NF:  I was a fan of the show before I got the call that they wanted to use “The Regulator.”  I was stoked, to say the least.  It came about by our publicist shopping the song around.  These days TV shows and video games are just as important as terrestrial radio, if not more so.


ATW:  Alright.  Time for some cold, hard honesty.  I gotta ask a question (mostly because a bunch of my mates begged me to) even though I’m sure it’s been beaten to death already.  All the guys wanna know…how does the beard go down with the ladies?  Or at the very least…with the one lady that matters most to you?

NF:  Heh.  I’ve never asked.  But I will say this…  I’d love to lop the damn thing off, but I’m afraid of what I might find underneath.


ATW:  Let’s go back to one or two about the malts to close out, if you don’t mind…Imagine, if you will, you’re sitting down one eve to relax over a good book and an even better whisky.  What are they?

NF:  I like Glenkinchie 12.  I think poetry is easier to handle if booze is involved.  With that in mind, I would go for Dylan Thomas or W.H. Auden.


ATW:  Finally…how about a good whisky and album pairing?

NF:  I’ve never been too much of  a Bruce Springsteen fan, but I’ve recently discovered the melancholy brilliance of “Nebraska.”  So if we’re in the mood to brood… let’s go Islay.  I tried Bowmore’s White Sands recently.  That would go well with an album as dark as “Nebraska.”


ATW:  Sincere thanks, Neil, for taking the time.  Perhaps next time through town you’ll have a chance to come out for a few drams of something brilliant, old and rare.   I’m sure we can find a couple on the shelves that will suit a Southern gent.  Slainte.

NF:  Again, apologies for taking so long to get this to you.  Slainte.


Image by Dirk Behlau,

Clutch releases ‘Psychic Warfare’ this September.  Mark the calendar.  And if you don’t already own it…buy ‘Blast Tyrant’ while you’re there.  You’ll thank me.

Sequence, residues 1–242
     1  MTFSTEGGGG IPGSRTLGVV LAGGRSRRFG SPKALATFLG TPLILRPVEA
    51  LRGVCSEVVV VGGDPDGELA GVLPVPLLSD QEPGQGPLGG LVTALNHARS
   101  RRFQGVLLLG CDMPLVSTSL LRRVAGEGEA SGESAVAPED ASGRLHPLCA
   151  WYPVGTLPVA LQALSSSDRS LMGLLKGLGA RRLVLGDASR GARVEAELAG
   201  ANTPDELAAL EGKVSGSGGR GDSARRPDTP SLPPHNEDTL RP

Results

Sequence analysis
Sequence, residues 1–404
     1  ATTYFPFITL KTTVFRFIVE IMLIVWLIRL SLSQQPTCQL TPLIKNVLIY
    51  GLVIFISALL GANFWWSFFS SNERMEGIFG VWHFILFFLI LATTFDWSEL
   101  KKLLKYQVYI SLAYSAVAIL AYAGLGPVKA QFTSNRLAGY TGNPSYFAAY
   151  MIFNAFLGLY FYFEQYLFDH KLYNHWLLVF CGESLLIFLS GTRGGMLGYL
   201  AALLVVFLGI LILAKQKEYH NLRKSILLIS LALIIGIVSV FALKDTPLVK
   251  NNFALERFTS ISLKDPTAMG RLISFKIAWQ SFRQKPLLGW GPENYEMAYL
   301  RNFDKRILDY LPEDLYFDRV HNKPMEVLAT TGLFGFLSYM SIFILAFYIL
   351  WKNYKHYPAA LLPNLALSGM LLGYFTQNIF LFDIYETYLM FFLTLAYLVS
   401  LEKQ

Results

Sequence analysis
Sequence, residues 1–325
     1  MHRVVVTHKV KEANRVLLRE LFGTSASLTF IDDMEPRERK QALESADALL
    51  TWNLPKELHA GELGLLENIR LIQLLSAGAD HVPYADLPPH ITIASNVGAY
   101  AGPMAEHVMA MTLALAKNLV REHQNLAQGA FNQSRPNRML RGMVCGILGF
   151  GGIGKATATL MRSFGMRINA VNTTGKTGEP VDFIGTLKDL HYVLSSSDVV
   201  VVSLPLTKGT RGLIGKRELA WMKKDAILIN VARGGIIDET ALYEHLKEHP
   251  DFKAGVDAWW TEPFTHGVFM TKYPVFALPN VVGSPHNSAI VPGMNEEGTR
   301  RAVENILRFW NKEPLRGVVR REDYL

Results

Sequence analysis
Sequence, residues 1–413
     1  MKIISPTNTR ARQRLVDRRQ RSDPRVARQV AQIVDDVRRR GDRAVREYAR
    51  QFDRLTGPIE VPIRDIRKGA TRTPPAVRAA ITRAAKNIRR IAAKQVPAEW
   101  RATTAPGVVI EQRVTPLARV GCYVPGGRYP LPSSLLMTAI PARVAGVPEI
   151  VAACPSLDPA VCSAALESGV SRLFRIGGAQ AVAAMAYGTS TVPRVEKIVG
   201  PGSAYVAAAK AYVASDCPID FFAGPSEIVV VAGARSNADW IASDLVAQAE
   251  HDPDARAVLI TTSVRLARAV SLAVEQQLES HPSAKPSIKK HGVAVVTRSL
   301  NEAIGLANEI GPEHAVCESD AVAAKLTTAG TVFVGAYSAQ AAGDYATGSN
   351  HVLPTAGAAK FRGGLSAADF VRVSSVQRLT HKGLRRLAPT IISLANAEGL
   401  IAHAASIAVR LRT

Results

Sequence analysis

– Words:  Curt and Neil

– Photos:  Curt (except as noted)

Two Brewers Yukon Single Malt 6 y.o. Prototype Review

Two Brewers Yukon Single Malt 6 y.o. Prototype106

43% abv

Score:  72.5/100


Check these cats out.  What the hell?  Two Brewers is the brainchild of a couple of pals, Bob and Alan, up in Whitehorse who have been batching up craft suds for close to two decades now and decided to take a bit of a swing at the distilling side of things at some point in the late 2000s.

As you can see by the photo this was a prototype release (i.e. nothing official and not available retail).  The gents had bottled and labelled up this young buck specifically for the MS Whisky Fest here in Calgary.  Towards the back half of that festival night I took a flyer on this one and decided to give it a go instead of reaching for one of the old standbys.  Glad I did.  They’re onto something up in the great white north.

Here’s the deal:  This is a young malt.  It’s not quite there yet.  But…it’s a fair bit further along than it should be at six years and it’s a surprisingly great cut of spirit.  The nose here is wonderfully redolent of spicy bourbon notes and hints at more age than the bottle declares (always a good thing).  The palate isn’t quite on par, but again…give ’em time.  A few more years and this will be a solid option for denting your whisky budget.

Thanks to Bob for passing on the wee heel of this one so we could share the word.  Can’t wait to see where these gents go from here.  Keep those stills flowing, fellas!

Nose:  Single malt, maybe, but noses like a big ol’ bourbon.  That’s some active wood.  Big spicy bourbon notes.  Tons of fruit (almost Speyside-like).  Cinnamon.  Eucalyptus.  Cedar and pine.  A surprising amount of soft chocolate.  Rising bread dough.  So much immensity of spice it almost burns the nose.  Cool as hell.

Palate:  Spicy and meaty delivery.  Tastes a lot younger than it noses.  Slightly waxy and new make-ish.  I don’t think this has anything to do with anything but youth.  In other words: decent spirit cut, but needs time.  A few years down the line and this will be a hell of an interesting whisky.  Reminds a tick of Montana Roughstock single malt.  Big wood notes smash headlong into eucalyptus.  Again…very bourbon-ish.